I arrived around 8:30 am, and was greeted by a 75-80 year old guest who was sitting on the front porch enjoying a smoke. He invited me inside, where I met Steve Jacobs, one of the long time Workers of this house. Steve poured me a a cup of coffee and we sat down a very large wood plank table, accompanied by a few other guests who were finishing their breakfast of fresh fruit and glazed donuts.

Steve's warm smile and calm manner made me feel welcome almost immediately so I launched into a brief explanation of the purpose of my visit. I told Steve that I first came across a Catholic Worker House while living in Chicago back in the 1980s. There in the neighborhood of Uptown, my partner Nancy and I were occasional guests at the evening meal. There we were introduced to the works of Dorothy Day and Peter Maurin, the founders of Catholic Worker, and saw the old Catholic works of mercy put into action. This experience produced in me a certain solid hope that some day I would have the chance to reconnect to this powerful work. Other pursuits filled the years since then, but the dream never really went away.

Steve then told his story. After serving a couple of years in the Philippines during the waning years of the Vietnam War, he became a conscious objector and returned to the US to study to be a Registered Nurse at the Veterans Administration Hospital in Columbia. When Phillip Berrigan came to town to speak on the Vietnam War, Steve was asked to accompany this priest/activist. It was Phillip Berrigan who first introduced Steve to the Catholic Worker Movement. From there he and his wife initiated a soup kitchen with others who attended the Catholic Newman Center on the MU campus. Soon their local movement grew, and they were able to put a down payment on the house.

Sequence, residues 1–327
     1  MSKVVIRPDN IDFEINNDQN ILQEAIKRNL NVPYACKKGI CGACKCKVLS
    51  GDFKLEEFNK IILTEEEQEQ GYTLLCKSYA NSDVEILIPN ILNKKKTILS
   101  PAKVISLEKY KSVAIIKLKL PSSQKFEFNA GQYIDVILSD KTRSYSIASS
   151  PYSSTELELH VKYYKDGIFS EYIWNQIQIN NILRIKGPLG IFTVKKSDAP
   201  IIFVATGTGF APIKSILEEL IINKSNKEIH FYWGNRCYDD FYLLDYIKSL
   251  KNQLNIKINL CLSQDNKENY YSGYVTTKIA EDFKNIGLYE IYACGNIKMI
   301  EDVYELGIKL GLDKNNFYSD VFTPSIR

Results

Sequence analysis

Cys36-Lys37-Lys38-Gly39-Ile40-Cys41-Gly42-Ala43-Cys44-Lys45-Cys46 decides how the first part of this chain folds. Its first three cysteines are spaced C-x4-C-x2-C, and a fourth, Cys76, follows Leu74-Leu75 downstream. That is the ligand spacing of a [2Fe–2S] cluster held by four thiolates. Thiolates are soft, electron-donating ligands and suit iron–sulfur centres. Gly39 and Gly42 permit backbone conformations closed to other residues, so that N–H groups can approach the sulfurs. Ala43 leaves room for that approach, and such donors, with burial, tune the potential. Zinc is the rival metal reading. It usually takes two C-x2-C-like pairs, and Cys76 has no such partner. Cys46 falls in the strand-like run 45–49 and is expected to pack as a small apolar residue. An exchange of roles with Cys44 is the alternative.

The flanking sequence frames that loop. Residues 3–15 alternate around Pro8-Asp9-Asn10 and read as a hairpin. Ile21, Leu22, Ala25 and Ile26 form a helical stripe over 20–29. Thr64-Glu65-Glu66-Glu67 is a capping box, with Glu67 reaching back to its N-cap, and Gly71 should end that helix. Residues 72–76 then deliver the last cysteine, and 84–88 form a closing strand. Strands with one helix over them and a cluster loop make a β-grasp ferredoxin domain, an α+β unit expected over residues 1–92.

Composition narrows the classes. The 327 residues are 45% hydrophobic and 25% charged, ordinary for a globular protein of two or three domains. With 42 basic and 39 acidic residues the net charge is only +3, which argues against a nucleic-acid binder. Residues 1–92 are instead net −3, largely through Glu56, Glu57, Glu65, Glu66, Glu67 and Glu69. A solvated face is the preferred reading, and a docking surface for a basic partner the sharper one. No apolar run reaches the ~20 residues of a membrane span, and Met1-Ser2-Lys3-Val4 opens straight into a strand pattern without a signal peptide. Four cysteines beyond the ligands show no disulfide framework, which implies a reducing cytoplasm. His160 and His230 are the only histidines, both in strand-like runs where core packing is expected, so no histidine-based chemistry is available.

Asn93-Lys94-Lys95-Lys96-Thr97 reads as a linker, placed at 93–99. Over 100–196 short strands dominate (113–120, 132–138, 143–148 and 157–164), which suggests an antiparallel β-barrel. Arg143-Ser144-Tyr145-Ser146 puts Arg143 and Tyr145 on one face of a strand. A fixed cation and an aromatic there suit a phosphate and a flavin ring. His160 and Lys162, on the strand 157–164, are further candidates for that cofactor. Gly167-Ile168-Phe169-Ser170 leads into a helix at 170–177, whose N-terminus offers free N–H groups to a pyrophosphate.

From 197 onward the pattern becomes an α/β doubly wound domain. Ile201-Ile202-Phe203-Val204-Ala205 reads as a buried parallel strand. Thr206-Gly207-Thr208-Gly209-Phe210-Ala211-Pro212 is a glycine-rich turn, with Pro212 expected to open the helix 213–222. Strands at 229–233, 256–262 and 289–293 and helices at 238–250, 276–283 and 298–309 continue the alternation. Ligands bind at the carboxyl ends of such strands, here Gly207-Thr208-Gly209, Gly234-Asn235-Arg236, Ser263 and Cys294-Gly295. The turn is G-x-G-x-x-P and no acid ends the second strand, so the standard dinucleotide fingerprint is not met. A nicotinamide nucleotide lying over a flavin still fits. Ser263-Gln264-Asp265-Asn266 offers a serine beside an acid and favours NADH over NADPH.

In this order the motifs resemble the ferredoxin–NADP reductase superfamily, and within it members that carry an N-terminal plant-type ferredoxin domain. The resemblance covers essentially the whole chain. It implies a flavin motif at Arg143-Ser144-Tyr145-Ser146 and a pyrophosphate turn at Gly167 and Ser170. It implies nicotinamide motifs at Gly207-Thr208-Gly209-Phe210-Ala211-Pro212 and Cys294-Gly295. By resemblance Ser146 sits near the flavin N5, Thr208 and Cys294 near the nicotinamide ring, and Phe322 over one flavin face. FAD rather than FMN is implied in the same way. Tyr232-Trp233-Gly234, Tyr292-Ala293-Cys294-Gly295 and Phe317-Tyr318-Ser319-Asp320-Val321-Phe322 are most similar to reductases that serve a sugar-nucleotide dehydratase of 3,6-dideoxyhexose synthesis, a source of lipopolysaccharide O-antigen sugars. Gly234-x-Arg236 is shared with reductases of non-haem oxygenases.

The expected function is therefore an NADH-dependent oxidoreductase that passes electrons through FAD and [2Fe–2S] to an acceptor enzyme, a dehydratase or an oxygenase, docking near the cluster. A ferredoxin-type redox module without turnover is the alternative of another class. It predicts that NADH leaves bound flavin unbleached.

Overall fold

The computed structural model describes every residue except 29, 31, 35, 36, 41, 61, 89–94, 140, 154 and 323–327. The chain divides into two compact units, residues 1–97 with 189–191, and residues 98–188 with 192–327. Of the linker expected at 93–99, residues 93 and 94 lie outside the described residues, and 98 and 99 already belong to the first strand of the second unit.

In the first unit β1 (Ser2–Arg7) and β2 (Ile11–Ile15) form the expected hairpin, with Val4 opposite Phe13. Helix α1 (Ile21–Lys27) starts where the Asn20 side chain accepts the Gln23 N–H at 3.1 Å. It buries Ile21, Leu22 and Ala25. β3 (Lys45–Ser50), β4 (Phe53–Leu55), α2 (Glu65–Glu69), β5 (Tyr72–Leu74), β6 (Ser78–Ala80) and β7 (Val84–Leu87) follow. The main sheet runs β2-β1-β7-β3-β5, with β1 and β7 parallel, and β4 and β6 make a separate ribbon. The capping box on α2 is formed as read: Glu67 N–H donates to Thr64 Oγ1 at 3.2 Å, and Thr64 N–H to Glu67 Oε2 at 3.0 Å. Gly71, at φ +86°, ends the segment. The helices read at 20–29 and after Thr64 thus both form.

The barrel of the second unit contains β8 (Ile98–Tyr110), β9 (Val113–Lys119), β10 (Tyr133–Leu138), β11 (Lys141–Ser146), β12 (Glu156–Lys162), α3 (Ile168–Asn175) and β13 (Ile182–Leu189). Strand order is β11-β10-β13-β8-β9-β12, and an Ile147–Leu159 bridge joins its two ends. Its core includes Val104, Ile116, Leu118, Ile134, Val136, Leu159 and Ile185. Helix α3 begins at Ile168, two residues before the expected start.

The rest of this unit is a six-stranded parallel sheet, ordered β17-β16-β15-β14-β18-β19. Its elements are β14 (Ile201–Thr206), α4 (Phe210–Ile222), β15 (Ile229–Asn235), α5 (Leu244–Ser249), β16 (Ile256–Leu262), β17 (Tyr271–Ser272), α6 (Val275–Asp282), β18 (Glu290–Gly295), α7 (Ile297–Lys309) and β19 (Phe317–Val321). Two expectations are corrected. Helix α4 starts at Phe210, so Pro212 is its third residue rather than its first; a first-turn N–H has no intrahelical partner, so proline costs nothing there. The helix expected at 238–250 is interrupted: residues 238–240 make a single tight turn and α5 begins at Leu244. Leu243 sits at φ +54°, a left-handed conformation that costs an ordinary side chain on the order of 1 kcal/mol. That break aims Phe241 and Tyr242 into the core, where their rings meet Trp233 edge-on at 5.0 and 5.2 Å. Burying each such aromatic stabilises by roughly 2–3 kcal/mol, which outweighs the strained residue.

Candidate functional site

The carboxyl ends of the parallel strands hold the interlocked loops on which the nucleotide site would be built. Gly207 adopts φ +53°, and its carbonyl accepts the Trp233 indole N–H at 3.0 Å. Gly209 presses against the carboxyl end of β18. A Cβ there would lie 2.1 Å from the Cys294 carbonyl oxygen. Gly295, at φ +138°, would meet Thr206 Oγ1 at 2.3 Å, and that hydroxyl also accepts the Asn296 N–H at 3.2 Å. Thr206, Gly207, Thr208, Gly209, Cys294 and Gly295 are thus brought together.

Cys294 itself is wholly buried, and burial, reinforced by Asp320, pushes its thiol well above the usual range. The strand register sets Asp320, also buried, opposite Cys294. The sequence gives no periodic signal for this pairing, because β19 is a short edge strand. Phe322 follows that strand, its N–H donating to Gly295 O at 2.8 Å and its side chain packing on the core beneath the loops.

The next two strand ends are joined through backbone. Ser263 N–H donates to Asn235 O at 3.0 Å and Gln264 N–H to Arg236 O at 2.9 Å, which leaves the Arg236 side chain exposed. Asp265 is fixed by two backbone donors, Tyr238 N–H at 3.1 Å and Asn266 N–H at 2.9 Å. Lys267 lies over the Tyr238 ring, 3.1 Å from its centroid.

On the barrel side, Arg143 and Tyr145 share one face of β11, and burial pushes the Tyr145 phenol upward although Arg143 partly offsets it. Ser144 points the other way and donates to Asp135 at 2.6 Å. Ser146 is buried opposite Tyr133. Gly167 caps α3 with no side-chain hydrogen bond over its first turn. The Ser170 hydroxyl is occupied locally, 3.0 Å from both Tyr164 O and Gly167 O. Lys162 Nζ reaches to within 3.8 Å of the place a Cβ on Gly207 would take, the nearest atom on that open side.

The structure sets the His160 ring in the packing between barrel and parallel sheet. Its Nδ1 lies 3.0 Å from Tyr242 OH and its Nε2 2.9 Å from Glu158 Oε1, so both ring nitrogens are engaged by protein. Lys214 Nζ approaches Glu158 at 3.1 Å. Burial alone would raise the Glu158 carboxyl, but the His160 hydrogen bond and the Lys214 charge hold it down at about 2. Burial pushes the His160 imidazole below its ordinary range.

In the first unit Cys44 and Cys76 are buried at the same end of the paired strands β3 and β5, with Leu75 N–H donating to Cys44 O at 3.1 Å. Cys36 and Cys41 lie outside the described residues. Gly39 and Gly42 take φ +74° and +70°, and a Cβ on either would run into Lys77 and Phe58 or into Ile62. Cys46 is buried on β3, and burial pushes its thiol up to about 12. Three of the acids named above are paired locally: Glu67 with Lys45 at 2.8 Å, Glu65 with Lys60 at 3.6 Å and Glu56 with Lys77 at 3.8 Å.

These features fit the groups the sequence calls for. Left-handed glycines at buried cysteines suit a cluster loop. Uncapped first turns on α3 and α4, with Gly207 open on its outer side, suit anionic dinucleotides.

What surprised me the most perhaps centers on the large number of groups and individuals that are connected to this project. At the soup kitchen that began in the early 1980s, groups of Christians, Jews and Muslims take turns preparing and serving those in need. For reasons you will surely appreciate if you read any of the writings of Dorothy Day, Catholic Worker tends to attract people of all faiths and philosophies. Their autonomous houses operate independently of any formal religious organization or structure and often do not even enjoy federal tax exempt status. Dorothy simply wanted to be unencumbered by such relationships. She was fiercely independent and beholding only to the God she followed.

I shared with Steve my dream of a Catholic Worker house in Madison. Although I do hope that some day we would be able to offer temporary housing to those in need, I explained that the group will begin by opening a day shelter or perhaps an occasional noon meal. Once we gain some support both from the neighborhood community as well as from interested volunteers, we will consider allowing the project to expand. I'd rather start with a modest goal that increases our chances of success than bite off more than we can handle. I am still of the mind that small is beautiful.